Dick knew a guy at school he had heard played guitar.  Dick approached Gary Johnson and asked him if he wanted to do something more with his guitar playing.  (One down, one to go).  Gary said he would give it a try, and he also knew someone else.  He was taking lessons with another guy, named Paulo Scalici.  Now we had a foursome.  Now we had a BAND.  Now we were "THE BOYFRIENDS" and I spent the next 3 1/2 years learning how to become a better musician, vocalist, entertainer and how to promote yourself in the world of entertainment, from one of the most significant mentors I would meet - Bill (Webby) Webster.

The band page covers quite a bit of our life as the BOYFRIENDS.

​SO, I would like to share what happened afterwards.

Changes began in 1969 - GRADUATION, (with the exception of the young one, Jim Ranta). Life changes.  We lost Dick Webster to serve in the Army (we all had the draft to worry about during this time).  After that, the others in the band wanted to go in another direction with the music.  I was somewhat pushed out of the band as I did not see the same direction.  I went on to college, got involved in Religion, played in a Christian group and was generally - just trying to find my way in life.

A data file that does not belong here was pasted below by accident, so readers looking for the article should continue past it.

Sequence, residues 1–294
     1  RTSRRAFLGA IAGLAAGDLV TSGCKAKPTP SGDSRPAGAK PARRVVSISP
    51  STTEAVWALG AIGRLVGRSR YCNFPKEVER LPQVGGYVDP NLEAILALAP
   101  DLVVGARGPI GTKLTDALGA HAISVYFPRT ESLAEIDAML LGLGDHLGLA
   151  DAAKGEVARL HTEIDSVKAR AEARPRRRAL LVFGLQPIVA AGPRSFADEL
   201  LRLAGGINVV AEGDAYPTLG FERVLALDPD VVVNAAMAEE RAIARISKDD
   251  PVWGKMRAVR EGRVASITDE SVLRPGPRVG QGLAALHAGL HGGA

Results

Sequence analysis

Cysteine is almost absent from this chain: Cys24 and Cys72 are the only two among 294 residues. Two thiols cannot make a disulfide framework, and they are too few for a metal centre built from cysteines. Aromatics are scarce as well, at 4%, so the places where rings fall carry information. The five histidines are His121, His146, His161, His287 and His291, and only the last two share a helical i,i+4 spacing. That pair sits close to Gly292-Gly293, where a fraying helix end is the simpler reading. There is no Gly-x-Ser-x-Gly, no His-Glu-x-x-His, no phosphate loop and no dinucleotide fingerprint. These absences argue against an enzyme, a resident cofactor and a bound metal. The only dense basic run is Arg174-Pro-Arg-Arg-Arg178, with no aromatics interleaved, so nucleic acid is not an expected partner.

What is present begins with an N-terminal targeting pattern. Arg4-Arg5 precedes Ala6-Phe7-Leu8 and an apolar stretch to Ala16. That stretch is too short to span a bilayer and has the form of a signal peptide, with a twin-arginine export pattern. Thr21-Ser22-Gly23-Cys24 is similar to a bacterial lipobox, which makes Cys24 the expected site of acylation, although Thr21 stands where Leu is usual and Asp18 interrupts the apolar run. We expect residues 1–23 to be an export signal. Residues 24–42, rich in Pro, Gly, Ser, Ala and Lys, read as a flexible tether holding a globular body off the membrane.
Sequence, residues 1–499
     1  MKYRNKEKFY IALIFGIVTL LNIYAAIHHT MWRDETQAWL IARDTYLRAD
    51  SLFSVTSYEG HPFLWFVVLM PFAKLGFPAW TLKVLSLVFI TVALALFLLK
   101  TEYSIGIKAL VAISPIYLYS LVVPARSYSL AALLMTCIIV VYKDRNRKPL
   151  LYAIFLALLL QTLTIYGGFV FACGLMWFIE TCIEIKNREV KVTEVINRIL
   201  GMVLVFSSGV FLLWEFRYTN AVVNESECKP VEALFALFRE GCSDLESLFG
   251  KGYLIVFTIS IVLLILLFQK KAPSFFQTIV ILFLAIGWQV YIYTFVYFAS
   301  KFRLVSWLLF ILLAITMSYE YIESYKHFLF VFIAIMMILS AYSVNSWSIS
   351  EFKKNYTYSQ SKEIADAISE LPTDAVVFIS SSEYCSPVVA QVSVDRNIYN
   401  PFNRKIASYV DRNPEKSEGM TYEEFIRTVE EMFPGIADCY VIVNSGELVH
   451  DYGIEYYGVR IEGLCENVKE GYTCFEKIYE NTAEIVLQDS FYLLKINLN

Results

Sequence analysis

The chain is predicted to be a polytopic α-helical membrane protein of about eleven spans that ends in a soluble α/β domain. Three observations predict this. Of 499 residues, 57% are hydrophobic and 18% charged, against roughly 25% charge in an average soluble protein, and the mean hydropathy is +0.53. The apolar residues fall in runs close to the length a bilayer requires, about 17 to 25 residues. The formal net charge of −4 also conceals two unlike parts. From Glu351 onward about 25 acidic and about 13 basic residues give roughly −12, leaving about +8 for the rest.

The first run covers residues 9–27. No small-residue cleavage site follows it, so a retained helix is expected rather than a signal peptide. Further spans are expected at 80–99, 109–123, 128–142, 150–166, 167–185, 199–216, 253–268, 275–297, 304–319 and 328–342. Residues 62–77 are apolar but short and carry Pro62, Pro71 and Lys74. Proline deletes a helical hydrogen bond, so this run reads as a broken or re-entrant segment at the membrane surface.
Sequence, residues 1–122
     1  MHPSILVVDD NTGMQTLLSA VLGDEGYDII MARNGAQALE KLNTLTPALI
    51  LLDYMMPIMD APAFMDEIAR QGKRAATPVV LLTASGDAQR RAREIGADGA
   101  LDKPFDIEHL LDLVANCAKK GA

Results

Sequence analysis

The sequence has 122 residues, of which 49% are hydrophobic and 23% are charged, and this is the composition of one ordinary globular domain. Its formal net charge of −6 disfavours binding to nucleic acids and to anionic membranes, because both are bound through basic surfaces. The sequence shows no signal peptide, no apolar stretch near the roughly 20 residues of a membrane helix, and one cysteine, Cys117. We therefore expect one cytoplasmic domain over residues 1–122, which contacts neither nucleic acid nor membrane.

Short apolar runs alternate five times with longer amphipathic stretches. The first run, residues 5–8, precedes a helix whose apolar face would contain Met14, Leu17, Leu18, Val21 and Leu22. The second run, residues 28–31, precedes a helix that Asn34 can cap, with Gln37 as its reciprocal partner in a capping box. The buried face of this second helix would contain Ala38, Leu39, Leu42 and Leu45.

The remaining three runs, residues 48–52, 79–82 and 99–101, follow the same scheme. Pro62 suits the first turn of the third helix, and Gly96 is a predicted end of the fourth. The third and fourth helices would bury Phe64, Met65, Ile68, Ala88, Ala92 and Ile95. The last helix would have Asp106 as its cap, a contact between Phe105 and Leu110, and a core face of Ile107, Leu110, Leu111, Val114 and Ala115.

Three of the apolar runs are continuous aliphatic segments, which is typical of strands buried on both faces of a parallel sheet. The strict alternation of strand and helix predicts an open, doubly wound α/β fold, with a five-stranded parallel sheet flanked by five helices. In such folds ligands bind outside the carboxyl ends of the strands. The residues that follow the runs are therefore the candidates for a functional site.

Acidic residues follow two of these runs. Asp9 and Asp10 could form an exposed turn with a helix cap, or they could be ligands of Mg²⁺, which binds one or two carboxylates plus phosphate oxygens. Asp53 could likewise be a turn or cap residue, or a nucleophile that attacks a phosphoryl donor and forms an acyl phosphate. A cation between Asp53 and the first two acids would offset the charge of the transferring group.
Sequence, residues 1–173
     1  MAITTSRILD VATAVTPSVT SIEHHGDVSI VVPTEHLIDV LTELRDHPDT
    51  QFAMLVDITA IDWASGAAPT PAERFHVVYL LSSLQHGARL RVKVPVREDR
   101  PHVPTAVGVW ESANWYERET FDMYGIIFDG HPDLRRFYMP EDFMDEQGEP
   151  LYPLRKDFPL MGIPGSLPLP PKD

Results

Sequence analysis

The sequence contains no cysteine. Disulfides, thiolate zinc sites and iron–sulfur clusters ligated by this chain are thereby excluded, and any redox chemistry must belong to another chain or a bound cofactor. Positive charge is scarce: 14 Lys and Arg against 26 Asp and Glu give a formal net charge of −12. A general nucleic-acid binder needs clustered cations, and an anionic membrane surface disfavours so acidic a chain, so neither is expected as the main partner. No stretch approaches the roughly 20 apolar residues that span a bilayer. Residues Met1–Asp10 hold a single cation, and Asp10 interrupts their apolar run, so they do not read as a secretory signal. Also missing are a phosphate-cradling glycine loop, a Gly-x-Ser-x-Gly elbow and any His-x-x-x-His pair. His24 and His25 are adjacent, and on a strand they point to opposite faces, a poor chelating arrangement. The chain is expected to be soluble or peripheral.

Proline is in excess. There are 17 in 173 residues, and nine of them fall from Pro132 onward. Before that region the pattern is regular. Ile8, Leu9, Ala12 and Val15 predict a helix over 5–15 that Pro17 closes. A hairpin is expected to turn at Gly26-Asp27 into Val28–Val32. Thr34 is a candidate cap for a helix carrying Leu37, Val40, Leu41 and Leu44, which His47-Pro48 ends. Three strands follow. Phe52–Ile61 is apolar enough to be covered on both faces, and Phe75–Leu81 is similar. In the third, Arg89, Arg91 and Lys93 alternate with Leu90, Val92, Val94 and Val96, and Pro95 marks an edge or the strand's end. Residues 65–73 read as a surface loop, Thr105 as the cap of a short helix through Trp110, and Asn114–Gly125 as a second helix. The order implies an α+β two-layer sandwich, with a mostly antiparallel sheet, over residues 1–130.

I moved to Toledo, Ohio, found work and went to the University of Toledo.  I started playing Rock and Roll again and formed or played in  several bands.  I also worked at a music store called Durdel's Music at their downtown location.  I had progressed enough with my piano that I began to teach beginner and intermediate lessons, along with guitar lessons and eventually managed the downtown location.

Toledo bands included the "All Small Band", Binkley and Magnan (duo).  I played guitar and piano/organ and sang in these bands.  Gabriel and the All Smalls were the most popular.

​In my life, I have had the honor to play with many great musicians and earned many great friends throughout.

Ronn Burke